Listening With Intention
Although I’ve spent much of my life thinking about and working with and for children, I occasionally fail to use what I know. For example, I understand the value a child experiences when adults listen carefully. How frustrated I get with myself when I forget. Active listening is the focus of today’s blog. The ideas shared in this article come from Dr. Thomas Gordon.
Dr. Gordon was a clinical psychologist who focused primarily on communication and conflict resolution. His books for parents and teachers contain strategies that promote clarity. One concept, called active listening, involves a specific way to listen and respond to others.
In active listening, your goals are to engage the following ideas:
Let the child know you are listening and understanding.
Let the child know you care.
Allow the child to express negative emotions.
Encourage the child to participate in solving the problem (with support from you).
As the adult listener, avoid agreeing or arguing. In order for active listening to work, you must be willing to: listen (even if the child’s words are painful to hear), take the time to focus, and believe the child is capable of solving his or her problem. The steps, which you will find below, are simple to understand; challenging to apply.
The first step is to give feedback to the child. In doing so, you are checking your own understanding by restating the message back to the child. Consider the examples below.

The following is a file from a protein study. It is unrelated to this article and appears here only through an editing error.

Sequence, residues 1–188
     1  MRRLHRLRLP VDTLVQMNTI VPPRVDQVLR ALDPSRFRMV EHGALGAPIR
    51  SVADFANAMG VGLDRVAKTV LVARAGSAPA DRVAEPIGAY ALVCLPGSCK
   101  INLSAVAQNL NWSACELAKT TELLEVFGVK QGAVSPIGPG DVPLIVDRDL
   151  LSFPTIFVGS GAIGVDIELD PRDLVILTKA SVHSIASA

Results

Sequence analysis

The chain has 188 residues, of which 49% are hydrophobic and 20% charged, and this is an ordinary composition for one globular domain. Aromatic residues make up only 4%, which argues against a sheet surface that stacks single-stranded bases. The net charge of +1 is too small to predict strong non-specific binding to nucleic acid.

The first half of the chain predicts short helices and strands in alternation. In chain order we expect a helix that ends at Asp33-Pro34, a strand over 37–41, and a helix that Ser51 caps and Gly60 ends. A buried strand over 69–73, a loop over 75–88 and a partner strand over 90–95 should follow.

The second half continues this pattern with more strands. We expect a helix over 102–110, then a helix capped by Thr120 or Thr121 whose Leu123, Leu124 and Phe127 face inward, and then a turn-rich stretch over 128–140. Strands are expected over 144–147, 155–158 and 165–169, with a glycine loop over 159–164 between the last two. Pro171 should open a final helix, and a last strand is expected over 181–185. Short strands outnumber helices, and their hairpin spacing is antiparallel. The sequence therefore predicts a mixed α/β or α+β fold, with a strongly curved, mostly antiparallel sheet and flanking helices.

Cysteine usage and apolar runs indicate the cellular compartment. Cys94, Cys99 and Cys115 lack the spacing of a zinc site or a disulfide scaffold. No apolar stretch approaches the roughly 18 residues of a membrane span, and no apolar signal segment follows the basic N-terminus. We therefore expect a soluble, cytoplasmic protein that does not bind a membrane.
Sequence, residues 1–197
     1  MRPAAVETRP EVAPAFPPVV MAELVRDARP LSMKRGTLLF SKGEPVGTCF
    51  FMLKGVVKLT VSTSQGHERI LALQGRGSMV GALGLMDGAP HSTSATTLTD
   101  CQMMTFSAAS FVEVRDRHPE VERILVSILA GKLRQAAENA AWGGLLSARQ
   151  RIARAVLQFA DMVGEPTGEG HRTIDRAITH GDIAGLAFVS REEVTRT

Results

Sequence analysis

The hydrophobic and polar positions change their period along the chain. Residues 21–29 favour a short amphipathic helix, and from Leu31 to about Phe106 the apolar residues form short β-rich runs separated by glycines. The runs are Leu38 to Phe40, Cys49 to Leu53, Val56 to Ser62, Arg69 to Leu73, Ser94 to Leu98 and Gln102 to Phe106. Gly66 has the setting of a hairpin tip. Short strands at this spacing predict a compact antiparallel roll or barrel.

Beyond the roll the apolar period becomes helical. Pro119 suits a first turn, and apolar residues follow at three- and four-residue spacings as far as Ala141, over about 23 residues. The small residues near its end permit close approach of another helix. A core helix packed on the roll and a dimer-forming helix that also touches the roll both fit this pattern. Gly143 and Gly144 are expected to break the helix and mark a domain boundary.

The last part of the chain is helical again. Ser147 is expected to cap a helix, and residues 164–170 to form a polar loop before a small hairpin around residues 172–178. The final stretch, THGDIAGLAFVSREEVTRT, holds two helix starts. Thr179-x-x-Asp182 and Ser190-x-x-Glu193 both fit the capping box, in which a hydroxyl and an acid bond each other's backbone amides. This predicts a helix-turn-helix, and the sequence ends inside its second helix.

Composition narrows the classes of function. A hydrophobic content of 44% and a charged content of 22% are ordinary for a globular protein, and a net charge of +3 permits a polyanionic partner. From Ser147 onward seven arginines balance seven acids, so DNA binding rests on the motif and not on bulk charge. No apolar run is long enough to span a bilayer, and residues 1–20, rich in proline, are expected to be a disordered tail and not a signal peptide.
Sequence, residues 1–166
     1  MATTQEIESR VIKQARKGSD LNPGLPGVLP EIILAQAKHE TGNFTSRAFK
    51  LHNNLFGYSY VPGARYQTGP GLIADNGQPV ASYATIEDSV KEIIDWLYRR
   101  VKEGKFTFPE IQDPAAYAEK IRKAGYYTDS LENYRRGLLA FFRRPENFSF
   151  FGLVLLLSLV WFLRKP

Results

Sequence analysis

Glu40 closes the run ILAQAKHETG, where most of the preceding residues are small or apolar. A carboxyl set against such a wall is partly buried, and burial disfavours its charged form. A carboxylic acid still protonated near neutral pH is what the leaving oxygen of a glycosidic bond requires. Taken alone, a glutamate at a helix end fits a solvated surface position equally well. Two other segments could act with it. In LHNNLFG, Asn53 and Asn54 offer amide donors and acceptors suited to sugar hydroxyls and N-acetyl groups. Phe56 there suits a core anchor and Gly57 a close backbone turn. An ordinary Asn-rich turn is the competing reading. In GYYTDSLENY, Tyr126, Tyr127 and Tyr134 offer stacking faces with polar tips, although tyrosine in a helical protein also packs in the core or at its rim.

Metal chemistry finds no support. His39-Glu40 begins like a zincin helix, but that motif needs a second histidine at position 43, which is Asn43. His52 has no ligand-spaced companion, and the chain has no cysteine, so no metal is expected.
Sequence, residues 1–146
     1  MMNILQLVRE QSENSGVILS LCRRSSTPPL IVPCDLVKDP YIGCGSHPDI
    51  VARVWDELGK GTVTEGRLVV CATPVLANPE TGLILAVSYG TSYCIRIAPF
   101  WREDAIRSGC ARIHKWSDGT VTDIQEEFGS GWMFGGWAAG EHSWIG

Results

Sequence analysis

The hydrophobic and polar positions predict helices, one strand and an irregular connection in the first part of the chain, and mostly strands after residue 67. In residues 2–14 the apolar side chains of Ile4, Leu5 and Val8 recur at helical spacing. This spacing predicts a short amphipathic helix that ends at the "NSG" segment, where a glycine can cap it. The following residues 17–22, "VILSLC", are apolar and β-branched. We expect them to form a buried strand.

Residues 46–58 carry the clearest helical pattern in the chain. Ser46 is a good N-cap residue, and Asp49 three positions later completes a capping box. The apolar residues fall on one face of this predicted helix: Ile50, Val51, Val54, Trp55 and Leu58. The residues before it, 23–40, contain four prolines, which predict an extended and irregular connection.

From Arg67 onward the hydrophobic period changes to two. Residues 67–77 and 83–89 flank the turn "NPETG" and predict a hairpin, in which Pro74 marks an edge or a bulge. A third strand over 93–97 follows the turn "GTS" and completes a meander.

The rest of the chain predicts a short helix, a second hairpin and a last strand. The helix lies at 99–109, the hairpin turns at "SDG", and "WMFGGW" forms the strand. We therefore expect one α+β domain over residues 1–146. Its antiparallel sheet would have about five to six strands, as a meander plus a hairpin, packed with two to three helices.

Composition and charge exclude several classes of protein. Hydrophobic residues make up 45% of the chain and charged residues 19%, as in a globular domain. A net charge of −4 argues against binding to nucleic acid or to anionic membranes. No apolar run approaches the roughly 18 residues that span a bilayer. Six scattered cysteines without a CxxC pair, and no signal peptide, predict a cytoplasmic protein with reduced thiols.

“What I heard you say was that . . .”
“Let me be sure I understand. You are telling me that . . .”
“You just told me that you feel . . .”
“You seem to be feeling . . .”
Regardless of the words you choose, wait for a response from the child. By restating the message, the child has the opportunity to confirm or clarify.
The second step is to use a “door opener” to encourage additional communication from the child. You are assuring the child that you are willing to listen. Examples are below.
“Tell me more about this.”
“I have time to listen.” (If you do not have time, be honest and set another time to complete the conversation.) You might say, “I don’t have time to really focus right now but I care very much. Let’s get together at lunch and finish talking.”
Sometimes you encourage communication with a nod, a gesture, or a pause. If you are sincere about wanting to listen, the child will feel your intention.
After you have listened and provided feedback thoroughly enough that the child has fully expressed feelings, move into the final step, which is to encourage the child to problem-solve. Although you will help, the problem belongs to the child. It is not yours to solve and in most cases you will not be able to fix the situation.
Guide the child by asking the following types of questions:
“What would you like for me to do?”
“What would you like to change in the situation? How might you start the change?
“Is there anything you could do differently to solve this?”
“What can you do to help yourself feel better?”
You can even ask, “May I make a suggestion?”
In closing, consider the following personal example. Ben, a child in my classroom told me that he hated his dad. I knew Ben’s father well and felt certain that Ben was overreacting. In fact, I was tempted to argue with Ben. Instead, I used active listening.
Feedback to Ben: “You are really angry and upset.”
Door Opener: “I understand. Keep talking.”
Problem Solving: “What could you do to feel better? What would you like for your dad to do? Can you suggest this to him?”
I hope you enjoy listening actively and attentively.
Frandsen, Barbara. Teaching Responsible Behaviors. Austin, Texas: Entercate, Inc., (2012 revised).
Gordon, Thomas. “Active Listening in Origins of the Gordon Model.” Gordon Training International, (2015). Found at http://www.gordontraining.com/thomas-gordon/origins-of-the-gordon-model/
Gordon, T. P.E.T. Parent Effectiveness Training. NY: A Plume Book New American Library, 1975.